The world’s Oddest Head Restraints

The head-restraints in the Rover 3500 always struck me as overkill, the ones in the back I mean.

1968 Rover 3500 rear headrestraint.
1968 Rover 3500 rear head-restraint.

Sorry about the reflections in the photo. 80% of that head restraint is not adding comfort or restraint. Why did they make them so big? We wrote about the 3500 before. And here is the front head restraint which is has a markedly different form.

image

This one can be set to the right height.

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I get the impression the Wikipedia entry was written by a fan: “The 3500 was introduced in April 1968[8] (one year after the Rover company was purchased by Triumph’s owner, Leyland) and continued to be offered until 1977. The manufacturer asserted that the light metal V8 engine weighed the same as the four-cylinder unit of the Rover 2000, and the more powerful car’s maximum speed of 114 mph (183 km/h)[9] as well as its 10.5-second acceleration time from 0–60 mph (97 km/h) were considered impressive,[8] and usefully faster than most of the cars with which, on the UK market, the car competed on price and specifications. (The glaring exception was the Jaguar 340, substantially quicker and, in terms of manufacturers’ recommended prices, 15 per cent cheaper[9] than the Rover 3500, the Jaguar representing exceptional value as a “run-out” model, shortly to be replaced by the Jaguar XJ6.)”

Rover planned the 3500 before they were taken over by British Leyland. With the 3500 and Triumph 2500 on sale at the same time there was now an internecine feud taking place and Triumph lost. We have reflected before on how Triumph, not Rover, had the credentials to be a BMW-beater whereas Rover ought to have been closer to Jaguar. Alas, BL owned them as well. Something had to give.

Author: richard herriott

I like anchovies. I dislike post-war town planning.

24 thoughts on “The world’s Oddest Head Restraints”

    1. This example may have been restored. Still, the design is rich-looking. Some late Alfas had great seats as did the not-too-ancient Thesis. Have a stare at leather in the Delta. Or (not an ironic remark) the Vignale leather.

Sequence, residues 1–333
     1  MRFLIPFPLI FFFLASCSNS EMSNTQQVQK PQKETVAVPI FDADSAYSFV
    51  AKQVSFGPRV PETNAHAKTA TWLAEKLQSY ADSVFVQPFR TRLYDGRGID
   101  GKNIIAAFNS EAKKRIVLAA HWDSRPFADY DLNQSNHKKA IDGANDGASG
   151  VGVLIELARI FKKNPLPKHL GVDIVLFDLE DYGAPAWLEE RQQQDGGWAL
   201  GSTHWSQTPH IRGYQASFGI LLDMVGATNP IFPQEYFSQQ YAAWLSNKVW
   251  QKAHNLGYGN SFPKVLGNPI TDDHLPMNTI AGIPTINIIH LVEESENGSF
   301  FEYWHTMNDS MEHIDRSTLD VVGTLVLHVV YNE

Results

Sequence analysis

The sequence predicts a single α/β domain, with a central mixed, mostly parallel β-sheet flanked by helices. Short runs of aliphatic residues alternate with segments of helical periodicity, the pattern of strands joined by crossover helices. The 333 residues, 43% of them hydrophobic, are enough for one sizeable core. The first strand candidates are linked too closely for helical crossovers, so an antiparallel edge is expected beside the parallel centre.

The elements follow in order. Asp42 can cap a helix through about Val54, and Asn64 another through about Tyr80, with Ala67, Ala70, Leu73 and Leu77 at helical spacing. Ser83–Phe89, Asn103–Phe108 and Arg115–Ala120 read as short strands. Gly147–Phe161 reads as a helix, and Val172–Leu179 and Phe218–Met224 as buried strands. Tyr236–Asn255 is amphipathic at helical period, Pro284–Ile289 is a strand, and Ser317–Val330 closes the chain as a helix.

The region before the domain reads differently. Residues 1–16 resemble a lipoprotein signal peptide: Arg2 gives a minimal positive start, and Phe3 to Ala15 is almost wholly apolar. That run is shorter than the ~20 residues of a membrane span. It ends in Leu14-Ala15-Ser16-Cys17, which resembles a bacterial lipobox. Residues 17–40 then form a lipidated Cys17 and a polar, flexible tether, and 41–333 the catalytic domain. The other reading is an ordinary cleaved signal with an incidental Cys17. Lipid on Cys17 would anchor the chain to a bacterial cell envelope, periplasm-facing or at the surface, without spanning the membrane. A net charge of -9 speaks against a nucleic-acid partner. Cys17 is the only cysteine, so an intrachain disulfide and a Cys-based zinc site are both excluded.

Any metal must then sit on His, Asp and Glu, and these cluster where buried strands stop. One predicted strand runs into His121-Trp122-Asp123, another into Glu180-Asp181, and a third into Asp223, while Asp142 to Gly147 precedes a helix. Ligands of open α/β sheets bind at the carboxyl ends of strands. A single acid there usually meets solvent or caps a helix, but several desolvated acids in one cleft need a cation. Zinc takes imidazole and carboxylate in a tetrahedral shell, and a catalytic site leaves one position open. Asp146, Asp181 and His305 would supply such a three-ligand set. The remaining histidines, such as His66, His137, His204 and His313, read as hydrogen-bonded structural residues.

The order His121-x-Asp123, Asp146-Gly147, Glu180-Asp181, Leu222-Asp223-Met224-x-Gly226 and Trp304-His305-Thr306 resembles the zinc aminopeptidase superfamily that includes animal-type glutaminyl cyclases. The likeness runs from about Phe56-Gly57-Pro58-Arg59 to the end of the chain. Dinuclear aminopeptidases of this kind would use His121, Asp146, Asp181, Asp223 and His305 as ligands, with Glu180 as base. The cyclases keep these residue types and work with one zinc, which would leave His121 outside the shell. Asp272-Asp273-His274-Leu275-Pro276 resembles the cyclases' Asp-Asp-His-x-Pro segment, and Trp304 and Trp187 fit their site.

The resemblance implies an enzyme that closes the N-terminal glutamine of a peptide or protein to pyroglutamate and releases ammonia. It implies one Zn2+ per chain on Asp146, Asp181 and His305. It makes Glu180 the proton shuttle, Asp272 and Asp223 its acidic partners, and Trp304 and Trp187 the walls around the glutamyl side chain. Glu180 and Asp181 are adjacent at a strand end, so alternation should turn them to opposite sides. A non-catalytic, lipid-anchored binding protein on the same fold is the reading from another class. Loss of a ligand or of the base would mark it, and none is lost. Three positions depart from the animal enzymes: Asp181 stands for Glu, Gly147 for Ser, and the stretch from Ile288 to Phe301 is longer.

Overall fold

2. Opulence is as opulence does. Or doesn’t. With the front seats pushed all the way back, the car transforms into a four door two-seater.

  1. Having previously owned both a 3500 and a mark II Jaguar the Rover was a more modern and comfortable car to be in and drive. Rover made a good attempt toward interior safety and ergonomics before it was fashionable. Under dash padded shin bins not only provided safety for ones legs but gave extra storage and finish to an area other manufacturers left open for all to see the wiring and mechanics.
    Their interior design was a departure from traditional wood trimmed versions found in Jags, it was modern, safer and unique in the day.
    Rover’s steering column ended at the scuttle, safer in a collision and was jointed giving height adjustment.
    Their stressed skeletal frame structure provided roll over protection even without the body panels mounted.
    I assume it’s well known the 2000 version was designed to be turbine powered hence the very unusual front suspension allowing a wide unobstructed engine compartment.
    Alas this was not to be but no doubt was a advantage when the American design V8 appeared many years later.

    1. According to Jim Randle – (who worked for Spen King on P6 & its P7 derivative), the problem with the P6’s front suspension was that because the engine bay was designed to accommodate recouperators for the gas turbine, its location meant the damper and spring rates were fed directly into the bulkhead which didn’t do much for front-end refinement. Also the geometry was all wrong since the top link was going off towards the horizon, while the bottom link was going wherever it was pointing, so the roll centre was constantly on the move. Not ideal.

      Nevertheless, he did say the P6 was the cleverest car he worked on – which is saying something.

    2. While this is true it didn’t detract in any way from the use this car was designed for. I found it ” responsive and chuckable” for navigating round -a- bouts with a comfortable an adsorbant ride but not an all out high performance machine, Rover’s de’dion rear set up probably offset any flaws at the front.

      The idea of turning the top link 90° to feed suspension loads into the main structure instead of weak extremities reminds of the Citroen 2CV, another successful car with questionable geometry.

      I would add that most cars of the period were flawed in some form concerning suspensions but for the customer and use it was designed for the Rover was a success.